In 1949, in desperation and frustration, the owners of properties abutting on the streets in question sought to invoke the benefits of the Suburban Communities Code. [3] That Statute provides[46 Del. 547] for a bond issue by the Levy Court and assessment of abutting properties for improvements

Page 355

of streets and installation of sidewalks and sewers in suburban communities. The various initial steps prescribed by the Code were taken and the required election was held on June 30, 1950, resulting in a vote favorable to the bond issue. At this point, however, the Corporation, as a dissenting owner of abutting property, and Avenue Company, as reputed holder of title of the street beds, threatened legal action against the Levy Court if it proceeded with the bond issue and assessment. The challenge was based upon the same contentions which those defendants now urge here. The Levy Court thereupon terminated all proceedings in connection with the bond issue, pending determination of the rights of the parties and the duties of the public authorities involved.

The contentions of the Corporation and of Avenue Company are these:

1. All of the streets involved, except Chapel Avenue and Pyramid Avenue, are under the absolute care, management and control of the State Highway Department.

2. Chapel Avenue and Pyramid Avenue are private ways and not public streets.

3. The Suburban Communities Code may not be invoked for the improvement of (a) streets under the care, management and control of the State Highway Department, or (b) private ways.

These contentions frame the questions for decision.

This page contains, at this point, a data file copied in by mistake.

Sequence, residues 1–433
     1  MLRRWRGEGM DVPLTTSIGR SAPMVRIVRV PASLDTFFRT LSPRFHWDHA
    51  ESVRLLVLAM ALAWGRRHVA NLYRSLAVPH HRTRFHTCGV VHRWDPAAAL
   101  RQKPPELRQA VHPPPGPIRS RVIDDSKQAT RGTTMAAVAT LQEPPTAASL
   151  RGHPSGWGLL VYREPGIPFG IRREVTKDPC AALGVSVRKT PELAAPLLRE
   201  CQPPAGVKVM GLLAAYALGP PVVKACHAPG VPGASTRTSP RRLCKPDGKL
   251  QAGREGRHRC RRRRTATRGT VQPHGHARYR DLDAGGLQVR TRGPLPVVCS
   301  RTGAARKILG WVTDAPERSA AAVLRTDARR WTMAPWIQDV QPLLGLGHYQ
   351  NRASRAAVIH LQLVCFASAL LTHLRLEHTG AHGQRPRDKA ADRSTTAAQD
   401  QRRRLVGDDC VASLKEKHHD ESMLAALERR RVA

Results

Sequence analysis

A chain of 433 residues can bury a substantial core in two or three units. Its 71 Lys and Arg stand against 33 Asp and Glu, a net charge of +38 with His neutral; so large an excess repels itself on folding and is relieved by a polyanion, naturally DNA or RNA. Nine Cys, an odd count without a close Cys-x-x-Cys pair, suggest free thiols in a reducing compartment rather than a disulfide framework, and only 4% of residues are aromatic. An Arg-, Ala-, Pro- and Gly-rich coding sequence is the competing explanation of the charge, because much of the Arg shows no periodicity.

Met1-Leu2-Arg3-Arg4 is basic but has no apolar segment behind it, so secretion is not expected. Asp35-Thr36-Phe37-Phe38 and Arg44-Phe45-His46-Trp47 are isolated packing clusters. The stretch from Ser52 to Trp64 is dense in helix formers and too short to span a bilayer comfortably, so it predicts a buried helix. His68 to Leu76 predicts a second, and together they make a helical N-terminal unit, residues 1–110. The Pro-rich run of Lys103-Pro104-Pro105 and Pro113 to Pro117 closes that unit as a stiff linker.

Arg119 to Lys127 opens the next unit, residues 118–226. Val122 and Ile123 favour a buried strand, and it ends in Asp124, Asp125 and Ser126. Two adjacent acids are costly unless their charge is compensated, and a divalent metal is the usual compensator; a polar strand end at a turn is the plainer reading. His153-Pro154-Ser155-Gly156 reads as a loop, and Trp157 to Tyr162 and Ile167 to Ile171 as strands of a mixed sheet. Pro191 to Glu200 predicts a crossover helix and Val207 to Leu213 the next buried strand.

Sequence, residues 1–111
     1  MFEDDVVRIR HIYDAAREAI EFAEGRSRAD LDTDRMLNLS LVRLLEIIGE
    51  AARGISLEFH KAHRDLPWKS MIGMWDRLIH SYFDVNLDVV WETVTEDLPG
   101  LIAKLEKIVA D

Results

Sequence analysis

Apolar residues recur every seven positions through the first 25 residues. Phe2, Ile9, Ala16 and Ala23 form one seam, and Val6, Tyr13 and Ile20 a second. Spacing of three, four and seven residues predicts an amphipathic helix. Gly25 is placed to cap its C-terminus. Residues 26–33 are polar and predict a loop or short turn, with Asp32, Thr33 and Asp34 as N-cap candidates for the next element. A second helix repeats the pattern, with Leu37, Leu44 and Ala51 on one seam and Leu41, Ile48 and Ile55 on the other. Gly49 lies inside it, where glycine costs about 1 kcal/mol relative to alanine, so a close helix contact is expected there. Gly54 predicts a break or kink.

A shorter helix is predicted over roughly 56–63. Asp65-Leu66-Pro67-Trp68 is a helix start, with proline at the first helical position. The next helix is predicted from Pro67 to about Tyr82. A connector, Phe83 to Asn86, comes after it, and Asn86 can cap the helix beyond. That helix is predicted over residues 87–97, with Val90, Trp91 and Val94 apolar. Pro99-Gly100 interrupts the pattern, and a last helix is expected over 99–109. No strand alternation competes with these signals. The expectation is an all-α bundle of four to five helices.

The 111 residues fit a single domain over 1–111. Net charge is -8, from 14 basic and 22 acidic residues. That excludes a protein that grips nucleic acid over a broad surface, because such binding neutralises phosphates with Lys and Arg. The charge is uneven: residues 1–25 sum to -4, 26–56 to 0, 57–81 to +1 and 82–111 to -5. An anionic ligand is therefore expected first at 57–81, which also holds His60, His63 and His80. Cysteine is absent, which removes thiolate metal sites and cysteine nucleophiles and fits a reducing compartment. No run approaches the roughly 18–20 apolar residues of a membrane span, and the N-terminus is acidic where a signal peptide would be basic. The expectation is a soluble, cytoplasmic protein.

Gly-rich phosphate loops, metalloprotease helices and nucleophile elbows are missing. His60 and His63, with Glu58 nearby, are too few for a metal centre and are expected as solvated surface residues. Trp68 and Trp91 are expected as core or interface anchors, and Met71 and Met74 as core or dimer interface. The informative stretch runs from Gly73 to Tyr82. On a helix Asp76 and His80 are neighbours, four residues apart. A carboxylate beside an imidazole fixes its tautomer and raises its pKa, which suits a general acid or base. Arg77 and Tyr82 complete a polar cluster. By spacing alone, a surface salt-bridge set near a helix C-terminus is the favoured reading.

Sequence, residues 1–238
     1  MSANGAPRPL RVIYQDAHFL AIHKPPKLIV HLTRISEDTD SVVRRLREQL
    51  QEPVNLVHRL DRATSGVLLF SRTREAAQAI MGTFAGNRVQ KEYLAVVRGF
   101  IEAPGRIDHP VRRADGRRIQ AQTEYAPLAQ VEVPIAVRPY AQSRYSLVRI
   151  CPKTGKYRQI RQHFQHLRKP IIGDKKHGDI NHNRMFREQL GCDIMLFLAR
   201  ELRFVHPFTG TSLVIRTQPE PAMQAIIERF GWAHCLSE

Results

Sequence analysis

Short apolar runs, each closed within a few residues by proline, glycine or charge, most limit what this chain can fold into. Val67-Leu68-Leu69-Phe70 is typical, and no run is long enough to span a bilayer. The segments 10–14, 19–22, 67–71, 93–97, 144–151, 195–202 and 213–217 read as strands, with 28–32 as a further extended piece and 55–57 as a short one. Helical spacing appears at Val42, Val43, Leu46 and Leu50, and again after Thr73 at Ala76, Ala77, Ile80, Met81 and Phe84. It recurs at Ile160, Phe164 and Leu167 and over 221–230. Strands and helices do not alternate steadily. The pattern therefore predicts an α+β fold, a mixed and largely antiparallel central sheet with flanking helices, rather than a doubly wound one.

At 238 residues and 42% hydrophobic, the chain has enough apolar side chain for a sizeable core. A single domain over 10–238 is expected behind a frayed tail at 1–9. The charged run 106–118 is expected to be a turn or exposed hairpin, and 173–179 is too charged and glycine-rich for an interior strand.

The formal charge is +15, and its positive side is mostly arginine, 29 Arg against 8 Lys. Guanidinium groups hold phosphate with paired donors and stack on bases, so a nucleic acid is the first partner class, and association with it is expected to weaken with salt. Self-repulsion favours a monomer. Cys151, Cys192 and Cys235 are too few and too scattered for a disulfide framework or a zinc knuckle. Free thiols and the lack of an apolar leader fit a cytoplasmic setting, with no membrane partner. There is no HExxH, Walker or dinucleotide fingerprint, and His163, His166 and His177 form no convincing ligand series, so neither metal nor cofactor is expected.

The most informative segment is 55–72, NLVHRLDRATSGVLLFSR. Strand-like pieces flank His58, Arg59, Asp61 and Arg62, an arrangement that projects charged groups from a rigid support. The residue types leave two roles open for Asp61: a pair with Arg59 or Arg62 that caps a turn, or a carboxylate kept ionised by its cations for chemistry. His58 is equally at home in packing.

I find as a fact that all of the streets here involved, except Chapel Avenue and Pyramid Avenue, were under the care, management and control of the Levy Court of New Castle County prior to July 1, 1935. I conclude, also, that in 1926 there was an implied dedication to the public use of all streets except Chapel Avenue and Pyramid Avenue, and that such dedication has been perfected by acceptance by the Levy Court and by user by the general public. See Reinhardt v. Chalfant, 12 Del.Ch. [46 Del. 548] 214, 110 A. 663, affirmed 12 Del.Ch. 389, 113 A. 674. By virtue of 40 Delaware Laws, Chapter 107, it is held that those streets are now, and since 1935 have been, in the care, management and control of the State Highway Department.

In support of the contention that Chapel Avenue and Pyramid Avenue are not public streets, the Corporation has shown but one noteworthy distinction between those streets and the other streets of Stockdale which, since 1926, have been acknowledged by the Corporation to be public thoroughfares. That distinction is that Chapel Avenue and Pyramid Avenue have been repaired by the Corporation and have never been maintained by a public authority. There is no other material difference between the history of Chapel Avenue and Pyramid Avenue and the history of other streets which are admittedly public.

On the plot plans recorded in 1937 and 1941, Chapel Avenue any Pyramid Avenue were shown in the very same manner as all other streets were shown. The lots abutting on the two sides of Pyramid Avenue, as now opened and paved, have a frontage of 500 feet. In accordance with and by reference to the recorded plot plans, the Corporation has conveyed five building lots having a total frontage of 425 feet abutting on Pyramid Avenue, and it retains land abutting thereon having a frontage of 75 feet. Similarly, the lots abutting on both sides of Chapel Avenue, as now opened and paved, have a frontage of 500 feet. In accordance with recorded plot plans, the Corporation has conveyed five lots abutting thereon having a total of 320 front feet, and it retains abutting land having a frontage of 180 feet. The deeds of conveyance of the ten lots abutting on these two Avenues contain no reservations or restrictions which would attribute to those two streets any status or character different from that of all other streets in the development conceded to be public. Indeed, the same form of deed restrictions and reservations was used for the conveyance of land abutting on Chapel Avenue and Pyramid Avenue as was used for the conveyance of land on other streets in the development.

[46 Del. 549] I am of the opinion that there has been an implied dedication of Chapel Avenue and Pyramid Avenue to the public use as the result of the conveyances of land abutting thereon, without ...